Will not endear Heylin to academics, but does disperse some smoke while fanning the flames of this fiery debate.

SO LONG AS MEN CAN BREATHE

THE UNTOLD STORY OF SHAKESPEARE’S SONNETS

The author of Bob Dylan: Behind the Shades (1991) and Bootleg: The Secret History of the Other Recording Industry (1995) concludes that an even more famous bard was both victim and beneficiary of “booklegging” when Shake-speares Sonnets appeared in 1609.

Heylin alludes frequently to his hero Dylan (“the Shakespeare of his day?”) and sees numerous correlations between the mysterious case of the Sonnets and the bootlegging of rock recordings. But he has also done his homework and presents in often frisky language some convincing answers to questions that have perplexed scholars for centuries. Did Shakespeare approve the publication of these intimate poems? Who was the “W.H.” of the dedication? Who were the real-life prototypes for the Dark Lady, the Fair Youth and the Rival Poet? Did he write those last two weak Cupid sonnets? Or “A Lover’s Complaint,” that long boring poem published with the Sonnets? Heylin demonstrates a scholar’s diligence and even makes a quick allusion to Jonathan Bate’s forthcoming Soul of the Age: A Biography of the Mind of William Shakespeare. But the author has come to bury, not praise most previous scholars and theorists, including venerable Shakespearean A.L. Rowse. Heylin is particularly disparaging about the work of Katherine Duncan-Jones, editor of Arden’s 1997 edition of Shakespeare’s Sonnets. Only near the end does he credit Duncan-Jones for being “the first modern academic” to recognize that the 108 “Fair Youth” sonnets are “a sequence unto themselves.” Heylin’s primary complaint about most of the experts is their determination to make what few facts there are conform to preconceptions—e.g., that Shakespeare could not have been bisexual. The author nominates minor poet John Davies as the most likely candidate to have snitched the sonnets and composed “A Lover’s Complaint.”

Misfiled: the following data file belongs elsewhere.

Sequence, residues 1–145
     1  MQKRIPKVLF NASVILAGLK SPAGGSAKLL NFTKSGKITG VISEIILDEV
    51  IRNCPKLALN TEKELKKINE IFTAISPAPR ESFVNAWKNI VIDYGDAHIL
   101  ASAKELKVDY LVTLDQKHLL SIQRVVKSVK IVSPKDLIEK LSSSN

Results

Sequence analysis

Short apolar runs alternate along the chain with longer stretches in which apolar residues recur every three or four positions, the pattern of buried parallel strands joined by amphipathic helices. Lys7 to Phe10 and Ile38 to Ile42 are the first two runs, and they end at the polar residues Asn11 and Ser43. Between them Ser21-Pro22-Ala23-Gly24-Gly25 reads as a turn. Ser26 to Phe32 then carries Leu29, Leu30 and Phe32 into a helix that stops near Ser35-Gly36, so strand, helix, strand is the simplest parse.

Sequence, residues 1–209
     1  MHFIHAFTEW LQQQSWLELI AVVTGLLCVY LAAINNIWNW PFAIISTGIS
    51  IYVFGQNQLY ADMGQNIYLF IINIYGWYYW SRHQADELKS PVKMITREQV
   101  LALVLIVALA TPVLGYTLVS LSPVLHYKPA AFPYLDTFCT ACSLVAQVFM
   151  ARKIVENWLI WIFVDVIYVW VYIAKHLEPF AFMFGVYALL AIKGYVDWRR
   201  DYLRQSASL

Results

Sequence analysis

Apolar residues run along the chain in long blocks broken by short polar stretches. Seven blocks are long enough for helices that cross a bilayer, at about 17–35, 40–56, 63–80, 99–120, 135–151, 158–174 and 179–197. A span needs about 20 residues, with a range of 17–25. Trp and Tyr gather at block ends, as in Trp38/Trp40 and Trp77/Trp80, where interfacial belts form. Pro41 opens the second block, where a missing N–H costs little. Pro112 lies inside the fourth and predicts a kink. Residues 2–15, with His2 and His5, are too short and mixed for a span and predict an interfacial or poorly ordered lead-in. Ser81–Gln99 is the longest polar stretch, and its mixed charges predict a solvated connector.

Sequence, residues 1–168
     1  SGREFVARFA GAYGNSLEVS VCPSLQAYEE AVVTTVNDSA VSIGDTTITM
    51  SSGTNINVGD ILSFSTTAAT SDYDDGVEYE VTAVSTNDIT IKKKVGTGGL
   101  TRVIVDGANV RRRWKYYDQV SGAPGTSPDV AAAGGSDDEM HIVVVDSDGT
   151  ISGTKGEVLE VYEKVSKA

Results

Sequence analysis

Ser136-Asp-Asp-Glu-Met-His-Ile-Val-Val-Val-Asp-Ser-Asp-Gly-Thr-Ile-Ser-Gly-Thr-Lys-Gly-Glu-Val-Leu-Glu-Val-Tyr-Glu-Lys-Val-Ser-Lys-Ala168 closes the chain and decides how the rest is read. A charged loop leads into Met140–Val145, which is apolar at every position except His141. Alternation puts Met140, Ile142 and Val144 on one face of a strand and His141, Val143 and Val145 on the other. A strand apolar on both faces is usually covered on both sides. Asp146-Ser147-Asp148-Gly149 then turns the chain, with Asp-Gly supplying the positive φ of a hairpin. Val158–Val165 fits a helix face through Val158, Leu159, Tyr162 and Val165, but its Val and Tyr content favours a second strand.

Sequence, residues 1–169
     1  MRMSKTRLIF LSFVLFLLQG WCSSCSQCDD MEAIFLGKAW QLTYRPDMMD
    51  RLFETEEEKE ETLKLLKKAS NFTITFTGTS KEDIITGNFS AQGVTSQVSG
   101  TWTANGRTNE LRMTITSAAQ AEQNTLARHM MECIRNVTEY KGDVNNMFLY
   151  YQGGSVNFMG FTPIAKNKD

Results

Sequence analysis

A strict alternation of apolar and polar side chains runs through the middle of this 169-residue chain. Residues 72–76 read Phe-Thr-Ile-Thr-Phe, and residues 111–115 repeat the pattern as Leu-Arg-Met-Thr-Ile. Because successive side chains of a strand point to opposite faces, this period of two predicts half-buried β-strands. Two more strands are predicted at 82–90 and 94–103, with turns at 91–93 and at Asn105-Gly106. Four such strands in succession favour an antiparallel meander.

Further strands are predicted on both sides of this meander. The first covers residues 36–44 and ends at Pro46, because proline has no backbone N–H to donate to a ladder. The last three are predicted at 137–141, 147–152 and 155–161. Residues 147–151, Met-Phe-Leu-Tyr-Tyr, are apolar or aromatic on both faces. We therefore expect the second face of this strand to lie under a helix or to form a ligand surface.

Will not endear Heylin to academics, but does disperse some smoke while fanning the flames of this fiery debate.

Pub Date: June 1, 2009

ISBN: 978-0-306-81805-9

Page Count: 288

Publisher: Da Capo

Review Posted Online: May 20, 2010

Kirkus Reviews Issue: April 15, 2009

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SLEEPERS

An extraordinary true tale of torment, retribution, and loyalty that's irresistibly readable in spite of its intrusively melodramatic prose. Starting out with calculated, movie-ready anecdotes about his boyhood gang, Carcaterra's memoir takes a hairpin turn into horror and then changes tack once more to relate grippingly what must be one of the most outrageous confidence schemes ever perpetrated. Growing up in New York's Hell's Kitchen in the 1960s, former New York Daily News reporter Carcaterra (A Safe Place, 1993) had three close friends with whom he played stickball, bedeviled nuns, and ran errands for the neighborhood Mob boss. All this is recalled through a dripping mist of nostalgia; the streetcorner banter is as stilted and coy as a late Bowery Boys film. But a third of the way in, the story suddenly takes off: In 1967 the four friends seriously injured a man when they more or less unintentionally rolled a hot-dog cart down the steps of a subway entrance. The boys, aged 11 to 14, were packed off to an upstate New York reformatory so brutal it makes Sing Sing sound like Sunnybrook Farm. The guards continually raped and beat them, at one point tossing all of them into solitary confinement, where rats gnawed at their wounds and the menu consisted of oatmeal soaked in urine. Two of Carcaterra's friends were dehumanized by their year upstate, eventually becoming prominent gangsters. In 1980, they happened upon the former guard who had been their principal torturer and shot him dead. The book's stunning denouement concerns the successful plot devised by the author and his third friend, now a Manhattan assistant DA, to free the two killers and to exact revenge against the remaining ex-guards who had scarred their lives so irrevocably. Carcaterra has run a moral and emotional gauntlet, and the resulting book, despite its flaws, is disturbing and hard to forget. (Film rights to Propaganda; author tour)